this Aug. 9, 2014 file photo, U.S. Sen. Ted Cruz,
R-Texas, speaks during The Family Leadership Summit,
in Ames, Iowa. President Barack Obama has the upper
hand in the fierce struggle over immigration now
taking shape, with a veto pen ready to kill any
Republican move to reverse his executive order,
Democrats united behind him and GOP congressional
leaders desperate to squelch talk of a government
shutdown or even impeachment. With the public favoring
changes in the current immigration system, the
Republicans’ best short-term response appears to be
purely rhetorical: that the president is granting
amnesty to millions, and exceeding his constitutional
authority in the process. Beyond that, their hopes of
reversing his policies appear to be either a
years-long lawsuit or the 2016 presidential election.
Neither of those is likely to satisfy the tea party
adherents in Congress - or the Republican presidential
contenders vying for support among party activists who
will play an outsized role in early primaries and
caucuses just over a year away. "We alone, I say
it openly, we the Senate are waiting in our duty to
stop this lawless administration and its
unconstitutional amnesty,’’ said Cruz. In remarks
on the Senate floor, according to his office, he was
channeling Cicero, the ancient Roman orator.
— The rhetoric is barbed, but Republican presidential
hopefuls generally fell in line behind the voices of
restraint in the wake of President Barack Obama's order
blocking deportation for millions of immigrants in the
Rick Santorum, a tea party favorite in the 2012 race, urged
the Republican leadership in Congress to "use any means
available to stop this unconstitutional attack on our
Paul of Kentucky, who once filibustered the nomination of
John Brennan as CIA director in a dispute over surveillance
of U.S. citizens, said: "I will not sit idly by and let
the president bypass Congress and our Constitution."
Rubio of Florida, who voted for the bipartisan bill that
cleared the Senate in 2013, said the Congress should try to
unravel Obama's actions, and he called for Republicans to
call a vote early next year on a strict immigration
like nearly all other potential presidential contenders,
offered no specifics on what sort of response they favor to
try and force a presidential retreat.
Cruz of Texas has been an exception. He said the new
Republican-controlled Senate that takes office in January
should refuse to confirm any of Obama's nominees except for
vital national security positions as long as the president's
order remains in effect.
Senator Rand Paul speaks to the Chase Federalist
Society at Northern Kentucky University, Friday, Nov.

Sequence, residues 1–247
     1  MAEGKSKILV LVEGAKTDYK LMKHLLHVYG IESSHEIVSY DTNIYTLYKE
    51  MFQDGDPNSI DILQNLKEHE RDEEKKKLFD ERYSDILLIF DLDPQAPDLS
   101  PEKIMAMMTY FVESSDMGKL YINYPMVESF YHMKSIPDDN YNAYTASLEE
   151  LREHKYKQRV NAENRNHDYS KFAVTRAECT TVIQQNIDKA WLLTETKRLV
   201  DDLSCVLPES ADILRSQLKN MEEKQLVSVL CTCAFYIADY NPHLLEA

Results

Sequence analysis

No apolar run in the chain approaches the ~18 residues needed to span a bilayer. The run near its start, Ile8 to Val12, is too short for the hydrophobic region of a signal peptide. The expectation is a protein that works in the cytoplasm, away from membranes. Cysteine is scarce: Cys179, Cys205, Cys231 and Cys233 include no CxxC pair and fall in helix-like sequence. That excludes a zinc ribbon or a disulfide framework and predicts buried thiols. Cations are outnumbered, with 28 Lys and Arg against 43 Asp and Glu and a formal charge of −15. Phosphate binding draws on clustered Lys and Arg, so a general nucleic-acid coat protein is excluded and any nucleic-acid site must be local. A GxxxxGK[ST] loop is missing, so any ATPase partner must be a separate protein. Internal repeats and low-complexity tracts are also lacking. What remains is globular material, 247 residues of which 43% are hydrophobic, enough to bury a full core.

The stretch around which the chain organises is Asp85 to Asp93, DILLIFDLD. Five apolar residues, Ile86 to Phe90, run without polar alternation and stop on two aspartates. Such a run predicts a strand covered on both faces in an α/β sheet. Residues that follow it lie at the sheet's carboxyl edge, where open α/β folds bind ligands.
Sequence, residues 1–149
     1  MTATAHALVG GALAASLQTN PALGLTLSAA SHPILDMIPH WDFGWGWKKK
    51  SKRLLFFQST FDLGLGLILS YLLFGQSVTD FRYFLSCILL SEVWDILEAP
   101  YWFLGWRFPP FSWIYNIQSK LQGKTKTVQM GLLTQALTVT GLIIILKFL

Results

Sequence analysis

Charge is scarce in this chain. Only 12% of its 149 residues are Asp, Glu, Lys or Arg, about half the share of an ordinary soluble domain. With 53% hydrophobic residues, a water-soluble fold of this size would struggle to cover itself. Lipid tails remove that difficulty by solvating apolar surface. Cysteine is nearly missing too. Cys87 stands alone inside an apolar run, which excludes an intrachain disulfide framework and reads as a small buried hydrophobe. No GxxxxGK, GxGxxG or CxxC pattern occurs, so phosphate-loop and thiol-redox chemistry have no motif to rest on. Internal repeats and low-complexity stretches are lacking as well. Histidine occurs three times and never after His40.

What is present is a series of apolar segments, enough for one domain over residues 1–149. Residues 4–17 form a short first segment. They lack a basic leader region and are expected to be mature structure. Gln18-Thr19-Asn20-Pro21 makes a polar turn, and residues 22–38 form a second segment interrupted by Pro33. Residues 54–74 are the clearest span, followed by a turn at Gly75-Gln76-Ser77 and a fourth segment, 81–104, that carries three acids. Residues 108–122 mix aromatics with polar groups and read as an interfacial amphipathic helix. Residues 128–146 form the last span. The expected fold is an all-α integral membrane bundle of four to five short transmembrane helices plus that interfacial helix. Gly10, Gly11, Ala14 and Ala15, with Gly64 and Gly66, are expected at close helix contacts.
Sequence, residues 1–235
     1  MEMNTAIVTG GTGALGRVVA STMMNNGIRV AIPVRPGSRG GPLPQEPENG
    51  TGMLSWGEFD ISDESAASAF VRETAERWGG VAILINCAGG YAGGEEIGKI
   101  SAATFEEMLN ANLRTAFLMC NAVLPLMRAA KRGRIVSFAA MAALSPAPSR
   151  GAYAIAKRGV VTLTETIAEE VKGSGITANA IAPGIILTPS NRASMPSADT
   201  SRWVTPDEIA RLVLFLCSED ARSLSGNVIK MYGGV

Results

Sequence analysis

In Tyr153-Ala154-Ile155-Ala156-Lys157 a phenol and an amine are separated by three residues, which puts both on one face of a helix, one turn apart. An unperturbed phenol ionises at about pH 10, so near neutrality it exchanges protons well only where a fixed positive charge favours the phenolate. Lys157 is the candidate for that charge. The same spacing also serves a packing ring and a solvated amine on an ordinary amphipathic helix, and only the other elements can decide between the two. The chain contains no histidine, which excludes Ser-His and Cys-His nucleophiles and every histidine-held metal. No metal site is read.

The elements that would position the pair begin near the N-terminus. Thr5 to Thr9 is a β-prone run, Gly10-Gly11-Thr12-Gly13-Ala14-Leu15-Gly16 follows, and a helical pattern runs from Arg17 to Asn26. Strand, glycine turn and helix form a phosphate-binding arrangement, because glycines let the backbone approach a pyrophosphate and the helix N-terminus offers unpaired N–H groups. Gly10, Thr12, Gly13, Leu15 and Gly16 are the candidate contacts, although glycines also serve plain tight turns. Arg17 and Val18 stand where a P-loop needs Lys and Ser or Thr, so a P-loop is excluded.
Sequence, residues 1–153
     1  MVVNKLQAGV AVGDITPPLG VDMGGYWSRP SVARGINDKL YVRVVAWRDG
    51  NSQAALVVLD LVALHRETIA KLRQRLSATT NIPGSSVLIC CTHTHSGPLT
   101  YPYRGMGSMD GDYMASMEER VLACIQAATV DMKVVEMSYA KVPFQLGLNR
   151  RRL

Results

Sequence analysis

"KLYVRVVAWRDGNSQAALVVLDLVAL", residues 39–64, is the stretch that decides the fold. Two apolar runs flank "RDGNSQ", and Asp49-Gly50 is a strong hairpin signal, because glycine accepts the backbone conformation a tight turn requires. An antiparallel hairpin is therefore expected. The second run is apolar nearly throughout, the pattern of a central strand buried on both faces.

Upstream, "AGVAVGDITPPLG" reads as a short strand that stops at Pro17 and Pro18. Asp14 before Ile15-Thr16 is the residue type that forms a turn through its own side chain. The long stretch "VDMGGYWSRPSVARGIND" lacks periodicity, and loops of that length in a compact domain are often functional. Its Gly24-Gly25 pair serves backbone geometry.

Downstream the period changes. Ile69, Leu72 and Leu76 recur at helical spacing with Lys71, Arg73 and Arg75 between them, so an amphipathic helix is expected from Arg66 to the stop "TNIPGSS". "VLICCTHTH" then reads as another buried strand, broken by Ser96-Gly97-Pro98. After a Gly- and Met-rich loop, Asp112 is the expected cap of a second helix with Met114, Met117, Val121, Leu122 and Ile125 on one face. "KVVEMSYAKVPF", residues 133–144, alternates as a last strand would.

21, 2014, in Highland Heights, Ky.
on Fox on Sunday, he also said Republicans should "use
the power of the purse" to attach conditions to
funding, but offered no details. He disputed the suggestion
that the government shutdown of a year ago inflicted
long-lasting damage on the party, noting its sweeping
mid-term election victories.
leaders in Congress have vowed to take action in response to
Obama, but have yet to say precisely how. An attempt to
block his actions by restricting the use federal funds is
among the possibilities, although the president could veto
that. So, too, is incorporating the issue into a lawsuit the
House filed on Friday against the administration's moves to
implement the health care act.
possible response, triggering a government shutdown in hopes
of turning back Obama's order, is viewed by incoming Senate
Majority Leader Mitch McConnell and Speaker John Boehner as
a non-starter, particularly at the outset of a new era of
Republican control of Congress. Even more so is starting
reticence among presidential hopefuls comes at a time on the
political calendar when jockeying for support among party
activists routinely increases. With mid-term elections in
the past, the focus will inevitably turn quickly toward the
first caucuses and primaries now little more than a year
polls suggest immigration is an issue that divides
conservatives who form the core of the Republican party from
the rest of the electorate.
polls from the Nov. 4 elections, 59 percent of those
surveyed said they favored allowing immigrants to remain in
the country and work even if they are here illegally, and
only 39 percent said they favored deportation.
allowing immigrants to remain in the country was 74 percent
among Hispanics, whose impact on Republican presidential
primaries is generally negligible, but who represent the
fastest growing part of the national electorate.
conservative Republicans, only 36 percent said immigrants in
the country illegally should be given a way to seek legal
first few days after the president's speech, pressure from
tea party activists who have been influential in the past
has yet to coalesce.
Martin, who heads the Tea Party Patriots, asked for
signatures on a petition to Congress to "defund
More than a
year ago, tea party groups were instrumental in pushing GOP
lawmakers to defund the president's health care law. Cruz
and Sen. Mike Lee, R-Utah, took up the cause. The ensuing
struggle between the GOP-controlled House and Obama produced
a partial government shutdown that sent public support for
meeting of Republican governors in Florida in recent days,
Tex. Gov. Rick Perry said Obama's action was akin to
"sticking a finger in the eye of the American
people" and said a lawsuit was "a real
Gov. Chris Christie, another possible presidential hopeful,
blamed Obama for failing to deal with immigration, said a
government shutdown should be avoided and declined to say
what he would do in response. A request Friday for
additional information went unanswered.
to Republicans, former Secretary of State Hillary Clinton
tweeted her thanks to Obama on Thursday evening "for
taking action on immigration in the face of inaction."
"Now let's turn to permanent bipartisan reform."